Sep 21, 2015
STILL FLYING AROUND THE WORLD.
It’s not easy to miss John Dorkins’ house. Two gleaming MINIs parked on a lawn in Carnegie stand out like…well two gleaming MINIs parked on a lawn in Carnegie.
Today, we chat to the British born engineer (over a cup of English breakfast of course) about his new MINI John Cooper Works and his beloved MINI Cooper S – the latter of which he’s gifted to his son, Adam in what can only be described as the greatest British hand-me-down since Kind Edward VIII abdicated his throne.
But, a weakness for British engineering isn’t the only thing that sets him apart. John Dorkins is also an ex-Royal Air Force pilot who has clocked up almost 20 years for his country. Naturally, we can’t wait to get started.
It’s not everyday we meet a pilot. Can you tell us about your Air Force days?
In about 1955-ish I went in as an electrical engineer. Then up to air traffic controlling. Then, because I’d invented a few things for them, they said we’re recommending you for pilot.
I started off in a Chipmunk, then jets, then DC-3’s. I had a couple of years left after that so I got into the Hercules so I could fly all over the world.
That’s a staggering career. When you weren’t in a cockpit what were you driving?
My first car was an Austin 7 Ruby – it cost me five shillings. Someone had brought it to a mechanic but didn’t want to pay the five-shilling to fix it. I said I’d pay for it because I was an engineer and could do the work myself.
Tell us about your MINIs?
My best friend owned one of the original MINIs when I was younger so I used to drive his a bit. I got it (MINI Cooper S) in 2005/6. I went to an auction to get some electronic bits and as a sideline they had some cars for sale. It was repossession and had only done about a 1000km. I put in my bid and got it - then I treated myself to the JCW tuning kit.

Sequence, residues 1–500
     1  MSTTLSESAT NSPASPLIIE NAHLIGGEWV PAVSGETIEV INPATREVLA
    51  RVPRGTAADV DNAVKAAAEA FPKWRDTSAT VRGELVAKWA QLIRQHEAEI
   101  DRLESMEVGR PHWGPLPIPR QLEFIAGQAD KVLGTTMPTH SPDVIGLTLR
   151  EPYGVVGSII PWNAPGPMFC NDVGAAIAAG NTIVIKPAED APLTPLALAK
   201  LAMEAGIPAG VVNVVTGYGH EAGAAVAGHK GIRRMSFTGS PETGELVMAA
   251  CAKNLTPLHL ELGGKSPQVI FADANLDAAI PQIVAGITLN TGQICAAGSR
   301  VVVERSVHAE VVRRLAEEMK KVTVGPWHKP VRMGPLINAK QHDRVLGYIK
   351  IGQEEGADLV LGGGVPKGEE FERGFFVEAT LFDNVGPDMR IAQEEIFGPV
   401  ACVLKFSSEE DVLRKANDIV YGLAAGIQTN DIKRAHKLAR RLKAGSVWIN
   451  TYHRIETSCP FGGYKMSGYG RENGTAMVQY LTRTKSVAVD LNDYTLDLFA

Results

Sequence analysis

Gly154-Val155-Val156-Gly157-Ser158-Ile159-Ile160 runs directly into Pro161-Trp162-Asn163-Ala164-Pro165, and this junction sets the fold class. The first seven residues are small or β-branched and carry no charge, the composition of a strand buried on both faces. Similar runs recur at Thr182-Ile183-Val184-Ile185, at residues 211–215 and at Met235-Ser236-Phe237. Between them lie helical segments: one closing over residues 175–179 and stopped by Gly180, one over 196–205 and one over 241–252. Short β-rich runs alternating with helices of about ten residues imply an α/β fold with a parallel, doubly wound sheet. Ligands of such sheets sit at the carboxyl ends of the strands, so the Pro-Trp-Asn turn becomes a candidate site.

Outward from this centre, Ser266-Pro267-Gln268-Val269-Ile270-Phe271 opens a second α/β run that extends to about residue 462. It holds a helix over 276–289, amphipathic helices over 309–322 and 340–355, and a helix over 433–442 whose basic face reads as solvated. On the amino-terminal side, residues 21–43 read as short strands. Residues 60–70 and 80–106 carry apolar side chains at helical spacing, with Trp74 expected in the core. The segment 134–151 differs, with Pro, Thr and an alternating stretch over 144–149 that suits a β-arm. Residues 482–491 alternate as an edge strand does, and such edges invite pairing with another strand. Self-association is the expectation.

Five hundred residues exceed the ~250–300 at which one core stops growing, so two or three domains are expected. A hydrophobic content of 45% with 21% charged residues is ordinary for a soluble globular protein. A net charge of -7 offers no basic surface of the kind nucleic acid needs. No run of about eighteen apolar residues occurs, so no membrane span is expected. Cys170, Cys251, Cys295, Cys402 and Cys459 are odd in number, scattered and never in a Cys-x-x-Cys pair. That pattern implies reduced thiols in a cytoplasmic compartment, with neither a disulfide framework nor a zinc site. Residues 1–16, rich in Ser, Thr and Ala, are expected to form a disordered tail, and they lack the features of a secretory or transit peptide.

Could you notice a difference with the kit?
Oh yes, you do. With a lot of cars you put your foot down and the revs drops off. Once you’ve had the kit put in the engine goes straight up and hits red line. I think it adds a certain…je ne sais quoi.
Do any of your flying skills come out on the road?
When you start an aircraft engine it clocks up time. After every 100 hours you do a check. After every 1000 hours you do a really big check. So to save time after dropping men out of 12 or 15,000 feet I’d just pull up the nose and throttle off the engine. The propeller would keep turning so you instead of clocking up time so you could just glide down. I got so used to the aircraft I could land and freewheel up to refuelling bay without starting the engine.
(When pressed as to whether or not he uses this trick in his MINI, John declines to answer but gives us a wry smile).
Why upgrade to the new MINI John Cooper Works?
I just wanted something a little faster. And I like the concept of MINI. I’d actually say I’ve got more fun out of that than my first aircraft, the Chipmunk.
Did you notice a difference straight away?
I could answer that in few months. But, when I put my foot down I feel a difference. I’ve noticed that!
Do you work on the cars yourself?
I have in the past done just about everything. You could just undo the cylinder head and take it apart in 10 minutes. Modern cars you’re lucky to get a razor blade in. But I have replaced the brakes pads and oxygen sensor. I also put in the audio warning for approaching red line. That would be about it.
That audio warning sound interesting? Tell us about it.
When you’re driving you’re looking at the instruments. But when it hits red line the power backs off. So I went back to my flying days, when you’ve got all your instruments to indicate something’s wrong. If there’s a fire all sorts of things light up, but you also get an audio warning. So I thought why not add a little frequency switch? Now, I put my foot down when I’m “hypothetically” hooning and it goes, “beeeep” so you can change up or back off without losing throttle.
Very impressive. Any future upgrade in your sights?
If they bring out a 2.5 litre version I might think about it! But no, it’s got more than enough power for my needs.
We’ll keep you posted on that 2.5 litre. And finally, what it is about MINI that you love?
It’s just fun. It’s probably closest to the Chipmunk - you can do anything you like in it, but you can’t bend it. You can sit there and pull as many G’s as you want and you would black out first.
And as my children say: I’m senior hoon.
Interview was recorded Wednesday, September 9th.
We thank John and his family for their hospitality.